U.S. Rail Strike More Likely After Workers Reject Biden Deal

U.S. Rail Strike More Likely After Workers Reject Biden Deal

The largest union for U.S. railway workers voted to reject a tentative deal with the major rail carriers, rekindling the possibility of a nationwide strike hitting the system.

The proposal workers turned down had been brokered with the help of the Biden administration, which has been trying to head off a work stoppage heading into the holidays. Many workers have said the deal does not go far enough in addressing their concerns, particularly as it relates to sick leave.

Jeremy Ferguson, the president of the Transportation Division of the International Association of Sheet Metal, Air, Rail, and Transportation Workers, which is the largest union under the contract, said the members had spoken by turning down the five-year deal.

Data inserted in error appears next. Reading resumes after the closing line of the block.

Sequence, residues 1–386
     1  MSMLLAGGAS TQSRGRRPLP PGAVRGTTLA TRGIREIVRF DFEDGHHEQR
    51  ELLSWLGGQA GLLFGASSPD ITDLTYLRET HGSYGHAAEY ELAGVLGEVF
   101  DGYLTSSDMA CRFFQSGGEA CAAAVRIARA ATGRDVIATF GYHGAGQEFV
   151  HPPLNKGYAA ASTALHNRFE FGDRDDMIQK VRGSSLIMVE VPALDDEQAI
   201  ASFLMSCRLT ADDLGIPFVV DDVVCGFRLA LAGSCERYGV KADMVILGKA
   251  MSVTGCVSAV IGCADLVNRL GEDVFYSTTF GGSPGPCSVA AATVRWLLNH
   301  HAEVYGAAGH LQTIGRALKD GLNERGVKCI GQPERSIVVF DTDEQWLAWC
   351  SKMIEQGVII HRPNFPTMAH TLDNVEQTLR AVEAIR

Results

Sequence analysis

“It’s now back to the bargaining table,” Ferguson said in a statement.

Members of the second-largest union involved, the Brotherhood of Locomotive Engineers and Trainmen, voted to approve the deal. But a strike by any group of workers would likely be honored by other unions, affecting the entire system.

This is a developing story. Please check back for updates.

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